Nineteen

Nineteen. Nineteen years today.

If I had had children, you would not have seen them grow up. They would have been a twinkle, a gentle belly swelling, an arrival with tears and cries of joy, school and scabs and scars and almost good enough for the football teams and the ukelele band.

The clothes you knitted they would have worn with love then exasperation and then with a retro swing of the scarf. You would have wiped their eyes when they fell, their noses when they fell ill, their eyes again when they fell in love. You would have been Nan, then Bet for a dare, then Nan to hear the secrets they would not have told me.

And now, nineteen years later, they would have been grown, and away alone, and always on the phone to hear your voice. I miss you mum, for me and for the children I never had.

Walking, watching, the Water of Leith

A tall man in a splashed grey t-shirt taps a stick on his leg. A black-and-white patched dog looks pointedly into the distance away from him.

Ginger toddler twins sleep side by side in a double buggy. Finally silent, they are holding hands. Their pale parents look close to tears. Their arms hang heavy.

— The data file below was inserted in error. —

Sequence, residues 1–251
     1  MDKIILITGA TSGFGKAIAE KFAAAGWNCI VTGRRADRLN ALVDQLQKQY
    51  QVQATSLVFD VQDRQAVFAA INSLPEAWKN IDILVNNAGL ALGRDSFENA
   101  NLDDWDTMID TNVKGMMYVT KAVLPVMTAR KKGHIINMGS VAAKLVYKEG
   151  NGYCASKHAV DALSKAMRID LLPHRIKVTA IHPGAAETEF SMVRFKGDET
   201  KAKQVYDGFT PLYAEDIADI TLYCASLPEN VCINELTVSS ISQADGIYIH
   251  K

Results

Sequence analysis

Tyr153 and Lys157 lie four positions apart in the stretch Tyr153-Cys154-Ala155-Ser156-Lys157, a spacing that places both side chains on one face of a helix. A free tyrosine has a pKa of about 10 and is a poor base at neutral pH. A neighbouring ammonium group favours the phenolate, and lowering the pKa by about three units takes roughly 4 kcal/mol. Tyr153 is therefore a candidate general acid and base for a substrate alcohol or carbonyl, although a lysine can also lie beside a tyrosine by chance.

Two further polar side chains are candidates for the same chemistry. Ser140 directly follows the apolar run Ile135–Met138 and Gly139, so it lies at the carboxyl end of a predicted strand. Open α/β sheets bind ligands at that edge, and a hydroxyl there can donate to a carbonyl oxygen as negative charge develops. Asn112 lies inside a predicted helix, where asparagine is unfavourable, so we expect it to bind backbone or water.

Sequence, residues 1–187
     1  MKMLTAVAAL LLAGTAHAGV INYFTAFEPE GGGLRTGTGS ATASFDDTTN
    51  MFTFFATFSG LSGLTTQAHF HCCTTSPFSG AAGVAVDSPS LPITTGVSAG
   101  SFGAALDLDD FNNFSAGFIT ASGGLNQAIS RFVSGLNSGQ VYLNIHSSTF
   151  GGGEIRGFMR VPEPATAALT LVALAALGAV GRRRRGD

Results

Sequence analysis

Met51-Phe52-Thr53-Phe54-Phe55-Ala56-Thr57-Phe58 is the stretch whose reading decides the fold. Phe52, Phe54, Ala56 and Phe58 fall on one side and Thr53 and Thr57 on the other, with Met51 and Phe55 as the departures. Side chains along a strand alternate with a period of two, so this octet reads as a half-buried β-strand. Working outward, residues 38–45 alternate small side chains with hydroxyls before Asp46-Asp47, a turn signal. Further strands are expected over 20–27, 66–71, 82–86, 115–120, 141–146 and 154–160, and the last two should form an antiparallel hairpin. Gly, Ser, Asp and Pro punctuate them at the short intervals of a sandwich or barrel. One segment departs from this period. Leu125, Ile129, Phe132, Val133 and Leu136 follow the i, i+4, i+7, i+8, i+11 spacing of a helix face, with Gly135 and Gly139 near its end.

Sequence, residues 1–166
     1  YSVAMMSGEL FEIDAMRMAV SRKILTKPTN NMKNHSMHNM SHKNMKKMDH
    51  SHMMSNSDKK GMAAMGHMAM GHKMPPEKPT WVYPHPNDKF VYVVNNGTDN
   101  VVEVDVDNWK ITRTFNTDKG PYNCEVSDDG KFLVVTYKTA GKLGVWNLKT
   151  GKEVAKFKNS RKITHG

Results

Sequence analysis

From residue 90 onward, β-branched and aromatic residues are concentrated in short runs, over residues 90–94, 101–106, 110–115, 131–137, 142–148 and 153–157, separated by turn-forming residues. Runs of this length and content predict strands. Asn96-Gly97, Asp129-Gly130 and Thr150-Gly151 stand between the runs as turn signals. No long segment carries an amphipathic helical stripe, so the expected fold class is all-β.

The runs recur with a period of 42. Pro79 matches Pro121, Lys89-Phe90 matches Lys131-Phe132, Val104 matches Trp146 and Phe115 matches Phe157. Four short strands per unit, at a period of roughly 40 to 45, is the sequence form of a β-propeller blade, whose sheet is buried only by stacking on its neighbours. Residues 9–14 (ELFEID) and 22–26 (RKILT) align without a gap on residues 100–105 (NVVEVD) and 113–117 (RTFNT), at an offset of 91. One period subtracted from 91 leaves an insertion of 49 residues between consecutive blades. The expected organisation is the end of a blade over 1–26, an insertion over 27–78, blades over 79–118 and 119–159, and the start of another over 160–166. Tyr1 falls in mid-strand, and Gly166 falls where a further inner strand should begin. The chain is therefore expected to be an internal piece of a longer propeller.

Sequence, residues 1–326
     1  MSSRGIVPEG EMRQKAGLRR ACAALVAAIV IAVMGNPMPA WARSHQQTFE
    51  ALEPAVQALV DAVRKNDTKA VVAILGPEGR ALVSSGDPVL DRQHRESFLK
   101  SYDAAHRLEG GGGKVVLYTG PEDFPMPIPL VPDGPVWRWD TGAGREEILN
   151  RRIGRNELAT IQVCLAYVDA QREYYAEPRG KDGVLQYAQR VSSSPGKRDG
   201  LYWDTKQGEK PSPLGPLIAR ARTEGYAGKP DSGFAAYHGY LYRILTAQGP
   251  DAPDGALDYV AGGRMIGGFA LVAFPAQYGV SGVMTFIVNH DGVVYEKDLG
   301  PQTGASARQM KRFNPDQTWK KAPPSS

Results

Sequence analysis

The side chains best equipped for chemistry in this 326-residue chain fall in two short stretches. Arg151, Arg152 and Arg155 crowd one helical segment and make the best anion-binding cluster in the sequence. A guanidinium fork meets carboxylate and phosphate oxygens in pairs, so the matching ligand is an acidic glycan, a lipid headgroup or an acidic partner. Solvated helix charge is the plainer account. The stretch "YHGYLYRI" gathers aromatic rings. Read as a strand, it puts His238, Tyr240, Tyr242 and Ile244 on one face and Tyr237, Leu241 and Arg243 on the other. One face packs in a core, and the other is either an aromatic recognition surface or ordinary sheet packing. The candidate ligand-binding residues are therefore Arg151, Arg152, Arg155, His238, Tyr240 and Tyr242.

Four tan, brown, tan, brown dogs weave leads from two hands, over and under and over and under. The owner’s look says she is too old for this. She pulls them back and puffs out her cheeks.

A race of clouds skit, one by one, across the face of the sun. The girl’s father pulls his pullover on. She drops her ball and her face crumples. The ball rolls towards the river, picking up speed, and her father stoop dives to save it.

The patchwork dog snatches a narrow-eyed glance at the man in the t-shirt, at his stick, then fixes the distance again, shoulders pinched.

Happy loud tourists with sunglasses, good hair and warm padded jackets tumble laughing down the green mesh metal steps. Some must be couples, but it is not clear who is not.

Finally, finally, the stick whirls over the waiting dog’s head and splashes down in the river, just beyond a brief whirlpool. A yelp, one would guess of joy, and the dog is springs and tail and pointed ears and bouncing.

I smile vaguely to myself and vaguely at other people, pick up my bags and walk on. There is the sound of a dog hitting water.